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December 12, 2006 | Computerworld
We've all worked with them at one time or another: people who are disruptive, abusive or otherwise demeaning or mean-spirited. In short, they're jerks. Incendiary co-workers are more than a workplace distraction, however. Indeed, a growing body of research is being conducted in the U.S. and Europe that examines the impact bullies have on productivity and financial performance.
Computerworld's Thomas Hoffman spoke yesterday with Robert Sutton, the author of The No Asshole Rule: Building a Civilized Workplace and Surviving One That Isn't, which is scheduled to be published by Warner Business Books on Feb. 22, about his inspiration for the book and some of the lessons that managers can draw from it. Excerpts from that interview follow:
What inspired you to write this book? It's partly the result of the endless parade of [jerks] that I've had to deal with in my life. But it primarily stems from a department I used to work in here at Stanford and how invoking the rule helped promote a better workplace. Also, I wrote a Harvard Business Review article on the topic that produced hundreds of e-mails, whereas previous articles I've written for them might have generated 10 or 15 e-mails each.
Is it harder to get away with being a jerk in today's politically correct work environment? Or are jerks learning how to adapt? I think you can make the argument that it's more socially acceptable than it used to be because we're putting people under an enormous amount of pressure at work, such as holding them to performance requirements. Increasingly, law firms track their profits per partner -- it doesn't matter how much of an a--hole you are.
At one law firm where I was asked to speak, the CEO called me and yelled at me about my airfare, even though it had been agreed to earlier. The first thing a senior partner said to me when I walked into the auditorium before my presentation was this: "Our law firm used to be a balance of humanity and economics. Now it's all about economics." It may be getting better in terms of political correctness, but people are more skilled in many ways. It's probably not against the law to be an equal opportunity a--hole.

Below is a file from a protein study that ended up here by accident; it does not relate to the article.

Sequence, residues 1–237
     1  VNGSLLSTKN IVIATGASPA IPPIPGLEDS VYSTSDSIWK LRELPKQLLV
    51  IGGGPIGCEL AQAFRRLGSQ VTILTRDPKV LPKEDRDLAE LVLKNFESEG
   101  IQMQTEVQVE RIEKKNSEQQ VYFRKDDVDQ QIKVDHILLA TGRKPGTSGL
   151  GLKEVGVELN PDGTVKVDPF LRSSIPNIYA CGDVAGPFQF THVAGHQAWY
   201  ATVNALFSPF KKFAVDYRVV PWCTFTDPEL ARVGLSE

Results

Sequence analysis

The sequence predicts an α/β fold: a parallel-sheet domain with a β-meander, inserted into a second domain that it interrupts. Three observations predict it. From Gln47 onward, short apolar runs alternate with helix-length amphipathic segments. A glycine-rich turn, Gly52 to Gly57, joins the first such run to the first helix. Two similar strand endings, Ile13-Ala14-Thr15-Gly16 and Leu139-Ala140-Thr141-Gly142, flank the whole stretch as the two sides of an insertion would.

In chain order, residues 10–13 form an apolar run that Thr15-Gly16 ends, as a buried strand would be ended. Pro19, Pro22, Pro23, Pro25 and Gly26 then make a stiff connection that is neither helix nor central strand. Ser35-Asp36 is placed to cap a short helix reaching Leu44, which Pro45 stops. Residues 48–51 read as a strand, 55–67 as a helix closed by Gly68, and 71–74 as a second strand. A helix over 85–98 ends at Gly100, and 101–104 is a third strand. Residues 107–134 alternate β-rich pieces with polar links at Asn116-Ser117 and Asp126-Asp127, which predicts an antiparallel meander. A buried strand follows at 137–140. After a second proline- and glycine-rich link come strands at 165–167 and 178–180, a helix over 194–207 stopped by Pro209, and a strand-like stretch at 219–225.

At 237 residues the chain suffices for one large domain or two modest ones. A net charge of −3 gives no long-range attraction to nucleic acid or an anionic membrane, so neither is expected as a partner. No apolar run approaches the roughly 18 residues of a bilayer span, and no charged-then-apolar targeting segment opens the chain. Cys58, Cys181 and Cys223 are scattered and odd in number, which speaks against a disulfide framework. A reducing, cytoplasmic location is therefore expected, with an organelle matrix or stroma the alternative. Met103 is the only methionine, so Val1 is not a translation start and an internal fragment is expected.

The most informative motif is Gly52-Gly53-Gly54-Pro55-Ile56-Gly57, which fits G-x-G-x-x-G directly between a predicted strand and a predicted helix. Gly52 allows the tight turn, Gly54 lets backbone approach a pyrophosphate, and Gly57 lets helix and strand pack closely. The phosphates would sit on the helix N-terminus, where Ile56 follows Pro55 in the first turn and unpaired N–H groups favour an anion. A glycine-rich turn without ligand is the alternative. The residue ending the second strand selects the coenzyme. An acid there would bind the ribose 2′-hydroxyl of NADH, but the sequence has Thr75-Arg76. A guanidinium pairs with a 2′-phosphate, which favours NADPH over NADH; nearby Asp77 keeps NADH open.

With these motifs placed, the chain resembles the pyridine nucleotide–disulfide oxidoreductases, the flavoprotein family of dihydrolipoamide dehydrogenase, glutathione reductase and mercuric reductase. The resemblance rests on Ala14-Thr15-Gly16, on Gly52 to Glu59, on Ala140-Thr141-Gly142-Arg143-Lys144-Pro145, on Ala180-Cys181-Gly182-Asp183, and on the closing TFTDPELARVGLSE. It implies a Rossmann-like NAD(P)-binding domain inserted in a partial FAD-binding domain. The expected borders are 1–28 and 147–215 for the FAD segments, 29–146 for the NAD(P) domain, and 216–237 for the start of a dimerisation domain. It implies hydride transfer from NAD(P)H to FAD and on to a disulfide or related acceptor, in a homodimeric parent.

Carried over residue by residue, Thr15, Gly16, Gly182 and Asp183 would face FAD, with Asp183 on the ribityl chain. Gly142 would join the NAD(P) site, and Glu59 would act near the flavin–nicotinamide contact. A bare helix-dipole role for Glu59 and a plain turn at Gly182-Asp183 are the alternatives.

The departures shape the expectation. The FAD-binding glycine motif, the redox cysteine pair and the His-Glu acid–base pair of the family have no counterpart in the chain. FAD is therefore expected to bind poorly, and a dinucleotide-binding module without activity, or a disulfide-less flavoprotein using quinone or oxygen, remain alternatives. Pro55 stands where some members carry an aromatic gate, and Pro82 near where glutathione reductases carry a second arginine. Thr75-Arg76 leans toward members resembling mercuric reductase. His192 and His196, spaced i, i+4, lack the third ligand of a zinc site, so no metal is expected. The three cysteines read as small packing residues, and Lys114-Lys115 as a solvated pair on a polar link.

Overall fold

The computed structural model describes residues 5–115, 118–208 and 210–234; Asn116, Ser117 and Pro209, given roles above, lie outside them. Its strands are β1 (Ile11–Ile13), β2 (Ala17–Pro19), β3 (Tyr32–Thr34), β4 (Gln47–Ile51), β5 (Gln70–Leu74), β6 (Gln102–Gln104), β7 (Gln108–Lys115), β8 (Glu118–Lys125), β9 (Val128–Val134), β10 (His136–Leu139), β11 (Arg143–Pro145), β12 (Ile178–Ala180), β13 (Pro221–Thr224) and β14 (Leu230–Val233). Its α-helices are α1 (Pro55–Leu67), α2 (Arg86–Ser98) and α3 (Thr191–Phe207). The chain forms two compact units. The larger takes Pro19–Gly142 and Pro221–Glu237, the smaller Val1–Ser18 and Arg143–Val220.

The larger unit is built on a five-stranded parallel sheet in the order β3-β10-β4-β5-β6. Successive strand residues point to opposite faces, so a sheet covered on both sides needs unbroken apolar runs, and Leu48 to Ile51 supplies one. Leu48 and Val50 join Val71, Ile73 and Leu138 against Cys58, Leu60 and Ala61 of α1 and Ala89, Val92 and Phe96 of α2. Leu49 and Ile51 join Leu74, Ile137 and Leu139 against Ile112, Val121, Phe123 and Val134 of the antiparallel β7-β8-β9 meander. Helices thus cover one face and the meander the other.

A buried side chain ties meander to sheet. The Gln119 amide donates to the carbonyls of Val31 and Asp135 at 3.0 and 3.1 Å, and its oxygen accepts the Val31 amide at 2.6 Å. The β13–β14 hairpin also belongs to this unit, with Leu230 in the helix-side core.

You mention in the book that companies such as Southwest Airlines and Intel have instituted "no a--hole rules." What are these, and how are managers able to apply them? At Intel, they have this constructive confrontation norm where you can fight but you can't be too nasty.
My favorite one is about a company called SuccessFactors, an enterprise software firm in San Mateo. They've been around for almost seven years. Lars Dalgaard is the founder. For the first six and a half years of their existence, they said they had a "no a--hole rule" and had employees sign an agreement that they wouldn't be a--holes. Lars recently came up with a list of the company's accomplishments, including not having hired any a--holes in the first six and a half years. Then they changed the wording from "a--holes" to "jerks" because some of the customers didn't like the language. I'm going to visit them next week and have more information about it on my blog.
You also mention a lot of high-profile people in the book by name, including former Sunbeam CEO Al "Chainsaw" Dunlap and outgoing U.S. ambassador to the U.N. John Bolton. Any concerns about legal retribution? Anybody can sue anybody. I was very careful. The way I defined a--holes was someone who was consistently demeaning. I'm very careful to say things in my opinion and to cite other sources. Who knows, I may get sued, but I was very careful about how I labeled people to protect myself. I quoted a Wired magazine story about some people who have worked with him [who] have their "Steve-Jobs-the-a--hole" story.